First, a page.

But call me a cheat, call me a philanderer, or whatever you want to call it, I'm pulling for the White Sox. I mean, I absolutely can't root for the Cards or Astros, but if pressed, I guess I'd rather the Astros to win, just because they aren't the Cards. But I live in the city of Chicago. I've heard about the Sox all season long. I know who every player is on the team, down to the guys in the bullpen who rarely take the mound. Even though the idiots on both sides of town are dismissing the "civic pride" concept as ridiculous sentimental junk, I think that there's no way you can live here and not have a rooting interest in the Sox' success. Unless you're so bitter, so twisted, so...well, unless you're a Sox fan, I guess. Yes, I can say for a fact that the Cubs didn't enjoy this kind of civic support from the southsiders in 2003, when they got within three outs of the fall classic. It's a fact that the majority of Sox nation that live in this city were wishing for worse than what actually happened to the Cubs that year. So along those lines, it's an eye for an eye and all that garbage, right? Well no, not only am I Cubs fan, more importantly I'm a baseball fan. Sox fans typified by the aforementioned Journal Star "columnist" will tell you that no such thing exists in the United States of Cub. But whatever. That's the kind of thing that makes most "normal" people think that baseball fans, or sports fans in general, are touched in the head.

So yes, damn it, I'm pulling for the Sox to go all the way. I think it would be neat. And if you want to lord it over the Cubs when you win, go right ahead. They'll deserve it, and perhaps it will convince the front office and the Tribune tower to start running the club as though it were a baseball team and not a marketing brand or a cartoon character.

OK, about that play. The ball hit the ground. It looked like the ump called Pierzynski out. Josh Paul, who it should be known is the Angel's third catcher and a career third catcher at that, should have tagged him out or thrown to first, no matter what. All that's at issue here is what the home plate ump called, and no matter what he called, Paul should have tagged the runner. Call it a third-string catcher's mistake. The right call was made the wrong way, essentially. The same thing happened when the Yankees were playing the Angels in the Division Series. Yank second basemen and Rookie-of-the-Year candidate Robinson Cano swung at strike three, the ball got away from the Angel catcher (one of those ubiquitous Molinas this time), and Cano ran for first. Molina's throw to first went wide of the first baseman, but Cano was called out because the umps said he was blocking the lane to first, hence "getting in the way" of a throw to first. Interference, third out.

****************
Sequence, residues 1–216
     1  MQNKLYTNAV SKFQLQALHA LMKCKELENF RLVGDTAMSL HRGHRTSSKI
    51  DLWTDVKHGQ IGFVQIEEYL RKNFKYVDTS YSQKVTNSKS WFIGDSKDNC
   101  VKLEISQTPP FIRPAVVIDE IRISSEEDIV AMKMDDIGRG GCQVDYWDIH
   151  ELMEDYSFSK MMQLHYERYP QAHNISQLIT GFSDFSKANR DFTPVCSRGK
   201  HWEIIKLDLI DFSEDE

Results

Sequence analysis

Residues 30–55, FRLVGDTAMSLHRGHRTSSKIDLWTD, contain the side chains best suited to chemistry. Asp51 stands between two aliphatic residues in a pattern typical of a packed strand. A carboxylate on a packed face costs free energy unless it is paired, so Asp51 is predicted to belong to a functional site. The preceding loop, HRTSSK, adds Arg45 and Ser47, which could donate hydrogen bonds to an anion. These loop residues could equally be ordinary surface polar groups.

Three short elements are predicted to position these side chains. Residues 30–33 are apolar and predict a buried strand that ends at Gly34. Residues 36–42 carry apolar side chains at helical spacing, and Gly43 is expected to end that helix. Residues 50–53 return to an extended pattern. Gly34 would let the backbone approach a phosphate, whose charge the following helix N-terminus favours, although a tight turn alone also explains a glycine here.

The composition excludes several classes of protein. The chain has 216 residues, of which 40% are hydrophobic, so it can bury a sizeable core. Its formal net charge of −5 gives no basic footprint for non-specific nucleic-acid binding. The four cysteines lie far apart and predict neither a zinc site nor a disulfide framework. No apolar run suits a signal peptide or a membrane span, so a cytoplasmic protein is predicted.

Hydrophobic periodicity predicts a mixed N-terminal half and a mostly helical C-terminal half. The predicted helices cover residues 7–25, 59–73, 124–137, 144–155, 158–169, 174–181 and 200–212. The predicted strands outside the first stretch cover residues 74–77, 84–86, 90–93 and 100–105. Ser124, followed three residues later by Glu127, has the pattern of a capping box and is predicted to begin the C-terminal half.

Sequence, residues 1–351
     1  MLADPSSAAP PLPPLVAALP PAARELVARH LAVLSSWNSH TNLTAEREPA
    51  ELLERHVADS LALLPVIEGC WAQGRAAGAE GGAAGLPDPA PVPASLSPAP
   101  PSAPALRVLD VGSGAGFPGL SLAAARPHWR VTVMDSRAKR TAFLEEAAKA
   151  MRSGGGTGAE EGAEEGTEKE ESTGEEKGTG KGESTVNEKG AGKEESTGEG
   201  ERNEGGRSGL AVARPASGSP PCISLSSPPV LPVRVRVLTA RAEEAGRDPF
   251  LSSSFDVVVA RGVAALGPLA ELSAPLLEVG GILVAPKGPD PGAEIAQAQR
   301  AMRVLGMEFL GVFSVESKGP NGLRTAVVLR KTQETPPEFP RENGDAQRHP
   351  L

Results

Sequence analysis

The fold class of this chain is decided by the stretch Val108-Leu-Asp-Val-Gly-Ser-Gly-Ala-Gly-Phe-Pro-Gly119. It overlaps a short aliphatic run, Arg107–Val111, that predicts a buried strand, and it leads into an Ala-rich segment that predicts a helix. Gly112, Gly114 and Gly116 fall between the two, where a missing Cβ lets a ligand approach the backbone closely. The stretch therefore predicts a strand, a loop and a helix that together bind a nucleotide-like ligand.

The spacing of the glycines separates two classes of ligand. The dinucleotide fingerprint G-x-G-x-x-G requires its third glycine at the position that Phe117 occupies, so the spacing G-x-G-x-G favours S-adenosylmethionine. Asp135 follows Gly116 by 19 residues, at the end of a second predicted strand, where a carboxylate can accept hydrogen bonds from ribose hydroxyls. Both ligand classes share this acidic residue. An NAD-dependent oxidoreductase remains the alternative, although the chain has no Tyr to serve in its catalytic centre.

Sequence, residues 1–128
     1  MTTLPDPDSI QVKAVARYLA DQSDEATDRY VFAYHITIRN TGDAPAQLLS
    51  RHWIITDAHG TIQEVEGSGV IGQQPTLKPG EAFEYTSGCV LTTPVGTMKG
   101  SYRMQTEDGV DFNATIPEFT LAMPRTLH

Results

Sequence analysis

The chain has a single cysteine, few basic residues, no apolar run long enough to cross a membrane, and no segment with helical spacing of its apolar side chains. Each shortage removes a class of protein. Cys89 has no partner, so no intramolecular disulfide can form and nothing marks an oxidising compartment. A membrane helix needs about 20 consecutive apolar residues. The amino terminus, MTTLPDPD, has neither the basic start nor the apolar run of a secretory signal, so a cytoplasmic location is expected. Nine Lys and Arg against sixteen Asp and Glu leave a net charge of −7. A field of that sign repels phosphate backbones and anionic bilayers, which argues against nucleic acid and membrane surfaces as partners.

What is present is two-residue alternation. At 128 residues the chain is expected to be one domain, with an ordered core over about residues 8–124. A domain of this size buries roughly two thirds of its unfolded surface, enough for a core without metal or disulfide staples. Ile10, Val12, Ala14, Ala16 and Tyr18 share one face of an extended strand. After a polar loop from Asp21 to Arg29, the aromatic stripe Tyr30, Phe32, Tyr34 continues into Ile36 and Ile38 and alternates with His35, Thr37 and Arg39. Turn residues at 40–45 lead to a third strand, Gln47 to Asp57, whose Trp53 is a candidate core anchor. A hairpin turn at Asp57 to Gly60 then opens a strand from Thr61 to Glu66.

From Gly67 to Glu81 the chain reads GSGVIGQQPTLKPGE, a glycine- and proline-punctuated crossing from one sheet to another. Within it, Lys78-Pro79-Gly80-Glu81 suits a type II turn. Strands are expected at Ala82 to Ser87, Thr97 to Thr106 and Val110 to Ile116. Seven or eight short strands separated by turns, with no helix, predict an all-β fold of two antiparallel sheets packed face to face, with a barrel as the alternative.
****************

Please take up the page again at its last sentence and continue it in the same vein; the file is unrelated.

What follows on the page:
So a lot of complete morons, i.e. the morons that were calling the Sox/Angels game, one of whom is Lou Pinella, who up until a few weeks ago was the manager of the Devil Rays, and that guy McCarver who's just an idiot period, look at this play and say it calls for instant replay in baseball. This is complete and utter bullshit. The NFL adopted instant replay and officially-reviewed plays some years ago, and many around the league still claim it should be removed from the game. Major League Baseball has no such need, and should forget about insant replay. This whole issue is being attributed to the vague call made by the ump, so baseball is already taking care of the problem by attributing it to an individual's error.

But any talk of this play "changing the game" is patently ridiculous. The last major change to baseball in the proceeding century was the implimentation of the designated hitter in the American League about twenty years ago. People still think the DH should be taken away from baseball. Putting instant replay in baseball would be the most egregious change to take place in baseball since the DH, and arguably would be worse. People thought that playing baseball under electric lights was scandalous, but all that happened is that baseball took place at night, when people could see it on TV, rather than during the day, like it's still done at Wrigley Field, who nonetheless installed a tasteful bank of lights above the grandstand. Technological changes like lights and TV cameras have not changed the game itself, but instant replay would be a direct encroachment on the game as a pure and unchanged phenomenon.

Bad calls have always been made, and there have been plenty worse calls and plays throughout baseball's history. This play is nowhere near as significant as Merkle's Boner, which by the way led to the Cubs winning their last World Series. Blown calls, scandalous plays, and just plain human error are part of the fabric of baseball's history. To our great benefit and pleasure, baseball is being played just the same way as it's been played since a bunch of Knickerbockers took root on Elysian Fields, and that's the way it should stay. If it were technically perfect and scientifically sound, then it wouldn't be baseball.


Would you believe?

RIP Maxwell Smart.

Catalog of maladies